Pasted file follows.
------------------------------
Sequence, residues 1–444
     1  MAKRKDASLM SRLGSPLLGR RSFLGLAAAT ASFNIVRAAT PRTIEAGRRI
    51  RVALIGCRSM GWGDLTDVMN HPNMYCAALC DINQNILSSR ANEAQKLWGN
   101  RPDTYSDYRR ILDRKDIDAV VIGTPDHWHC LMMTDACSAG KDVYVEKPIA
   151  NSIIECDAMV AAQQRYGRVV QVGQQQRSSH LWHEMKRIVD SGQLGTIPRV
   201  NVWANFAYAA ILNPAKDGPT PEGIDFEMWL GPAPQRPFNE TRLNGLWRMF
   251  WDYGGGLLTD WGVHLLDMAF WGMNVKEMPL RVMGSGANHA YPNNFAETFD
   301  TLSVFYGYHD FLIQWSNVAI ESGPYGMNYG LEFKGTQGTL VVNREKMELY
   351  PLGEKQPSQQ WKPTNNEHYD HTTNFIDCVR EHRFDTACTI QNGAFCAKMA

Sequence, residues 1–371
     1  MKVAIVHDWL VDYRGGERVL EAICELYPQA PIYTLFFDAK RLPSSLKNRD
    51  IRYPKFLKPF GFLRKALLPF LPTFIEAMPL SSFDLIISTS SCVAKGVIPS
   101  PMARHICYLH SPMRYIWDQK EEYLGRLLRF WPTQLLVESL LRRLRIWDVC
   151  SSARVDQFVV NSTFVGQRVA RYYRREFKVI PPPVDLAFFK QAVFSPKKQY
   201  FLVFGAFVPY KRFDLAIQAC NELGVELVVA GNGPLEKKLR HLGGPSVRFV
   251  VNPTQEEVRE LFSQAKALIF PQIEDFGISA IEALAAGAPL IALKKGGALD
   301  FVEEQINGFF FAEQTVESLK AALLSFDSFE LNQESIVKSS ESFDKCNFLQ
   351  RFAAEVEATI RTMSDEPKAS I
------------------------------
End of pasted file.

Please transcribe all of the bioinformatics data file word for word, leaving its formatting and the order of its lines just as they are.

Sequence, residues 1–444
     1  MAKRKDASLM SRLGSPLLGR RSFLGLAAAT ASFNIVRAAT PRTIEAGRRI
    51  RVALIGCRSM GWGDLTDVMN HPNMYCAALC DINQNILSSR ANEAQKLWGN
   101  RPDTYSDYRR ILDRKDIDAV VIGTPDHWHC LMMTDACSAG KDVYVEKPIA
   151  NSIIECDAMV AAQQRYGRVV QVGQQQRSSH LWHEMKRIVD SGQLGTIPRV
   201  NVWANFAYAA ILNPAKDGPT PEGIDFEMWL GPAPQRPFNE TRLNGLWRMF
   251  WDYGGGLLTD WGVHLLDMAF WGMNVKEMPL RVMGSGANHA YPNNFAETFD
   301  TLSVFYGYHD FLIQWSNVAI ESGPYGMNYG LEFKGTQGTL VVNREKMELY
   351  PLGEKQPSQQ WKPTNNEHYD HTTNFIDCVR EHRFDTACTI QNGAFCAKMA

Sequence, residues 1–371
     1  MKVAIVHDWL VDYRGGERVL EAICELYPQA PIYTLFFDAK RLPSSLKNRD
    51  IRYPKFLKPF GFLRKALLPF LPTFIEAMPL SSFDLIISTS SCVAKGVIPS
   101  PMARHICYLH SPMRYIWDQK EEYLGRLLRF WPTQLLVESL LRRLRIWDVC
   151  SSARVDQFVV NSTFVGQRVA RYYRREFKVI PPPVDLAFFK QAVFSPKKQY
   201  FLVFGAFVPY KRFDLAIQAC NELGVELVVA GNGPLEKKLR HLGGPSVRFV
   251  VNPTQEEVRE LFSQAKALIF PQIEDFGISA IEALAAGAPL IALKKGGALD
   301  FVEEQINGFF FAEQTVESLK AALLSFDSFE LNQESIVKSS ESFDKCNFLQ
   351  RFAAEVEATI RTMSDEPKAS I